During the early 17th century, King Charles II granted several acres of colonial Virginia lands to “seven loyal supporters,” including Lord Fairfax. This passed to Thomas Fairfax, 5th Lord Fairfax of Cameron, who married the daughter of Thomas Colepeper, who owned several acres of land. After their son, Lord Thomas Fairfax, inherited the combined grants, he controlled over 5,000,000 acres of land in Virginia, including much of the land that became Frederick County. Frederick County was created from Orange County in 1738, was organized in 1743; the Virginia Assembly named the new county for Frederick Louis, Prince of Wales, the eldest son of King George II of Great Britain. At that time, "Old Frederick County" encompassed all or part of four counties in present-day Virginia and five in present-day West Virginia: Hampshire, created 1754 Dunmore, created 1772 and renamed Shenandoah in 1778 Berkeley, created 1772 Hardy, created 1786 Jefferson, created 1801 Morgan, created 1820 Page, created 1831 Clarke, created 1836 Warren, created 1836 As Commander-in-Chief of the new Colonial Virginia regiment in 1754, Colonel George Washington's headquarters were located in Winchester before and during the French and Indian War.
He resigned from military service in 1758. Meanwhile, Washington represented Frederick County in his first elective office, having been elected to the House of Burgesses in 1758 and 1761. Daniel Morgan was another famous General during the American Revolutionary War, from. Winchester changed hands between the Confederate and Union Armies on average once every three weeks during the war. Many battles were fought in Frederick County; some of those battles include: First Battle of Kernstown, March 1862 First Battle of Winchester, May 1862 Second Battle of Winchester, June 1863 Second Battle of Kernstown, July 1864 Third Battle of Winchester, September 1864 Battle of Cedar Creek, October 1864The first constitution of West Virginia provided for Frederick County to be added to the new state if approved by a local election. Unlike those of neighboring Berkeley and Jefferson counties, Frederick County residents voted to remain in Virginia despite being occupied by the Union Army at the time. Four types of mineral water springs occur on the land that would be named Rock Enon Springs.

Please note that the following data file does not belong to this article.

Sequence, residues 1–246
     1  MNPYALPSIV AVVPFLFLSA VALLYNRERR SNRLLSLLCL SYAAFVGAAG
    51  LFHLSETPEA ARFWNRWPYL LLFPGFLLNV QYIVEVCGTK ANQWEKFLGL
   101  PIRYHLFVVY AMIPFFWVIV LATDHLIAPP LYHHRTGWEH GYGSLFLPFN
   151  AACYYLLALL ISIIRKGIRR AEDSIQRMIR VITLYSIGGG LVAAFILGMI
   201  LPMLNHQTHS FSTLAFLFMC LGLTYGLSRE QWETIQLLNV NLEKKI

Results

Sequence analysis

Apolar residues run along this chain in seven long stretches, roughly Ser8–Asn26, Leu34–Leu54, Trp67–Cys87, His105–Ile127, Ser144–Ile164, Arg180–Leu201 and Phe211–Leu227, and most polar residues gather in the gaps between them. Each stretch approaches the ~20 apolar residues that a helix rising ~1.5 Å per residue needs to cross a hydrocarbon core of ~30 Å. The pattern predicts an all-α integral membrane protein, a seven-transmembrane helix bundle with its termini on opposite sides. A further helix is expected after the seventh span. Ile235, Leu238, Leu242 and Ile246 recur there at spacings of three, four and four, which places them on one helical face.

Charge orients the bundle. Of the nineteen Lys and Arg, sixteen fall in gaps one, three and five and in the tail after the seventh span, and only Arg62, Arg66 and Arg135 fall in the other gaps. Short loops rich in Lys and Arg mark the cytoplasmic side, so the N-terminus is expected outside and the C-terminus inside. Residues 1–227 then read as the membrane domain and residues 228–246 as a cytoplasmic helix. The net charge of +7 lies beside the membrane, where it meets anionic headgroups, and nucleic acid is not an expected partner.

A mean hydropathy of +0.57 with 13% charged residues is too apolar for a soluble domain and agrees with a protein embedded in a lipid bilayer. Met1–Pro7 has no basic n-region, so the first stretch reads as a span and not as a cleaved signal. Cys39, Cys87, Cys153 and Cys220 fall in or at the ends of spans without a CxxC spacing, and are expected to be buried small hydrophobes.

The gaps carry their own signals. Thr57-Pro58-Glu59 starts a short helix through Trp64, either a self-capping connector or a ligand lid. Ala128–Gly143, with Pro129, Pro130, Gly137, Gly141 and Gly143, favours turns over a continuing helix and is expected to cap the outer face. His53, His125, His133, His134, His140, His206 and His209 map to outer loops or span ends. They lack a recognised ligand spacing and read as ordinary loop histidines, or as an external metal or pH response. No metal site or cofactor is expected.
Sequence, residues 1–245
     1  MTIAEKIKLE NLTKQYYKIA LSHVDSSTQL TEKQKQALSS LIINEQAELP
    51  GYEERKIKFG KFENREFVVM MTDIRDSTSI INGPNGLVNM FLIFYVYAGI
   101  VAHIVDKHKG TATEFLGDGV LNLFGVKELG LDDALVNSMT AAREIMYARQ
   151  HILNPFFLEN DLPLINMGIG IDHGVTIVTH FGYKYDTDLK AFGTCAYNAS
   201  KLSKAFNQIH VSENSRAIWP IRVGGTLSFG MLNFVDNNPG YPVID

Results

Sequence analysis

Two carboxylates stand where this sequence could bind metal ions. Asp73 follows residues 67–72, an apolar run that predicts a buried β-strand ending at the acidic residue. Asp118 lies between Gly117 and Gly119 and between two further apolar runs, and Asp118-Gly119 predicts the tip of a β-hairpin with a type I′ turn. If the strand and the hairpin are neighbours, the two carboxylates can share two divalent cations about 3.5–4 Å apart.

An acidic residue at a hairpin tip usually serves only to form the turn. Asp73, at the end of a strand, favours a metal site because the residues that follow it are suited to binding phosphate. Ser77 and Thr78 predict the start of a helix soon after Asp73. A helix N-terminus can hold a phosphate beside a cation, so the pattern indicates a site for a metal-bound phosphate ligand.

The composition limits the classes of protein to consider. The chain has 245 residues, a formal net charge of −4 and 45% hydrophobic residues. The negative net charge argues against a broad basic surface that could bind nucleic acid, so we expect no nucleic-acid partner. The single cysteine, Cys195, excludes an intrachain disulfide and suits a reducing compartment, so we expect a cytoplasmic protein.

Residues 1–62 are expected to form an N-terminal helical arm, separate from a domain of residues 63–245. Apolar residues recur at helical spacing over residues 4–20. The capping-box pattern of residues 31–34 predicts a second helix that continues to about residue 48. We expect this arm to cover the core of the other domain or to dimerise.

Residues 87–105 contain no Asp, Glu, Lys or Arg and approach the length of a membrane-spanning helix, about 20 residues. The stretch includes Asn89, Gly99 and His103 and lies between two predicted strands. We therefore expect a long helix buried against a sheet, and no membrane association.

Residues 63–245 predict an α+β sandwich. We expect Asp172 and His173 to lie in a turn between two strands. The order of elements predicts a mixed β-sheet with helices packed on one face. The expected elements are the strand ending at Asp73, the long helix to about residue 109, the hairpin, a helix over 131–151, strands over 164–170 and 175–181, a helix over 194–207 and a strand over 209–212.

The area was once called Capper Springs, named for area settler John Capper. William Marker bought the 942 acres in 1856 and built a hotel, the first building of the Rock Enon Springs Resort, that survived the American Civil War. On March 24, 1899 the Shenandoah Valley National Bank purchased the property for $3,500. During the summer of 1914 botanists found polypodium vulgare, phegopteris hexagonoptera, adiantum pedatum, pteris aquilina, cheilanthes lanosa on the property; the idea that soaking in the spring water had medical value was a large part of the tourism. In 1944, when that healing idea was no longer accepted as true, the Glaize family sold the property to the Shenandoah Area Council who turned what was once a resort into Camp Rock Enon. In 1944 the 5 acres Miller Lake was created by adding a 200 feet earth dam across Laruel Run using equipment owned by the Federal Fish Hatchery in Leestown. In 1958 "walnut and persimmon trees" were planted on the property. According to the U. S. Census Bureau, the county has a total area of 416 square miles, of which 414 square miles is land and 2 square miles is water.